Lawyer says accused 'sharers' should resist legal claims
Ignorance is a defence, after all
People who claim they have been wrongly accused of illegally sharing computer games on P2P networks should stand up to their accusers, a legal expert said today.
The comments came as Davenport Lyons, the law firm taking action for games publisher Zuxxez, continues to chase 500 British people it claims illegally shared the game Dream Pinball 3D.
Dai Davis, a solicitor with Brooke North LLP, who has been representing people in intellectual property cases for 20 years, spoke up for the accused after being told that Davenport had refused to entertain their claims of innocence.
Davenport accepts that some users may have had their machines hijacked or used without their knowledge but says they should still pay £300 to £600 to settle its claims or face arguing their case in court.
"The security of your computer and internet connection is your responsibility," it told them.
Davis disagreed, however: "Are you responsible for the criminal acts of others if someone hacks into your wireless network? No you're not. There's no legal requirement for someone to have a secure network.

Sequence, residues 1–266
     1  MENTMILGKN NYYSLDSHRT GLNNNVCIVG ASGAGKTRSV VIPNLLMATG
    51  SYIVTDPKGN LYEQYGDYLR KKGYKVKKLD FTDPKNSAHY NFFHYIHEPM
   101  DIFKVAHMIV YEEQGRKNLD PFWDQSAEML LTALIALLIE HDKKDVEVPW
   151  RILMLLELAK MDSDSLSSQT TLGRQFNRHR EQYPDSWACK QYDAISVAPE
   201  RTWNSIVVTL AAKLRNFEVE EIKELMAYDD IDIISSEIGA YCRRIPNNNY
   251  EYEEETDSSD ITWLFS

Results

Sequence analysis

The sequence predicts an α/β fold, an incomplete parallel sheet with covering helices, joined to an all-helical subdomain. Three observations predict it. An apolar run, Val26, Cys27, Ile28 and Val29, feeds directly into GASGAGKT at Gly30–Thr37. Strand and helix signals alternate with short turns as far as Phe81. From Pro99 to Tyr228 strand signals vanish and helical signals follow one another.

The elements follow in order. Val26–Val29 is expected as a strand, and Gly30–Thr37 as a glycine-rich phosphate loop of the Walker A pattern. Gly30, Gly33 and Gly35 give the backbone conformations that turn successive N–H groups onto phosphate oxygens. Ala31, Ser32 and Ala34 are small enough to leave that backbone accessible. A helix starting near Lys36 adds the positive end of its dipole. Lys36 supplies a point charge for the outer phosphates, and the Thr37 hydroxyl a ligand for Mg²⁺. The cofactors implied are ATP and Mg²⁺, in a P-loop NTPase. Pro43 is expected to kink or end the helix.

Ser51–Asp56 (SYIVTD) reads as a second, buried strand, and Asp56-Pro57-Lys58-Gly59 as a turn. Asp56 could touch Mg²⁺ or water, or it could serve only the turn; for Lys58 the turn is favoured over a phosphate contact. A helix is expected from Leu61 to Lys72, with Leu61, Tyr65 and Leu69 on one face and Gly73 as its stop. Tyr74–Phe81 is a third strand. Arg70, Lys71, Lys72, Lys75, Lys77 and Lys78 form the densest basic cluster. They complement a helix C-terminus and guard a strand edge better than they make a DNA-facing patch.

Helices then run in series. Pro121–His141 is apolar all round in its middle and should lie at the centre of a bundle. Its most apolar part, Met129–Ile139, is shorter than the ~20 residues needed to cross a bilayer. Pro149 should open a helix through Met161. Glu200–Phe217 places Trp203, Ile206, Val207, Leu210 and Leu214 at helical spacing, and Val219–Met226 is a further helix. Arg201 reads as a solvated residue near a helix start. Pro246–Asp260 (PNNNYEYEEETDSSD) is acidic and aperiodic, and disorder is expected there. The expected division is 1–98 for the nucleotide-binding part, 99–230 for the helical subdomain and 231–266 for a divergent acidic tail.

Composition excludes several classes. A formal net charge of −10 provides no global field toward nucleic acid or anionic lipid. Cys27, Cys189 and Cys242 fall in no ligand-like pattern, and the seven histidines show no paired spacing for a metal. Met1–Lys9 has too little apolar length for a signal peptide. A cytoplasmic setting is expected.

"Ultimately Davenport will continue to try to bully [people] into settling, but if [people] push it and push it, they'll go away. They can't be held responsible for the criminal act of a third party," he said.
Davis' scepticism of Davenport's threats echoed the instinctive reaction of many Register readers who said that if someone stole your car and used it to knock over an old granny, you couldn't be blamed.
Davis explained that someone else may have hacked the machine and used it as a zombie to share files, or someone else in the household, or even a visitor might have done the sharing without the knowledge of the computer owner. That might make it difficult for Davenport to pin the case on any individual, he said.
"They'll bully people into paying, I suspect. But if it goes to court there's no right or wrong answer and Davenport will have difficulty proving it, particularly where there's more than one person using a computer," he said.
"Ultimately, it's for the court to decide on the balance of probabilities if someone's done it."
Davis also said that Davenport appeared to be working on the assumption that its evidence of file sharing activity was flawless, which was not necessarily true.
He predicted that if a lot of people refused to roll over Davenport would take its strongest test case to court and then use that to "scare" other people into paying up.
Both Davenport and Zuxxez have told The Register they were using the swoop on alleged Pinball 3D sharers as a test before deciding whether to use the same tactics to pursue file sharers of other copyrighted software.
Davenport is thinking of setting up a specialist practice to represent copyright holders against file sharers. As a "volume" business, it has directed enquiries from the accused file sharers through a nameless telephone service. The firm did not say whether this had anything to do with keeping costs down, but did say it was worried about receiving abusive phone calls.
Davenport was not available to comment. ®
Sponsored: 2016 Cyberthreat defense report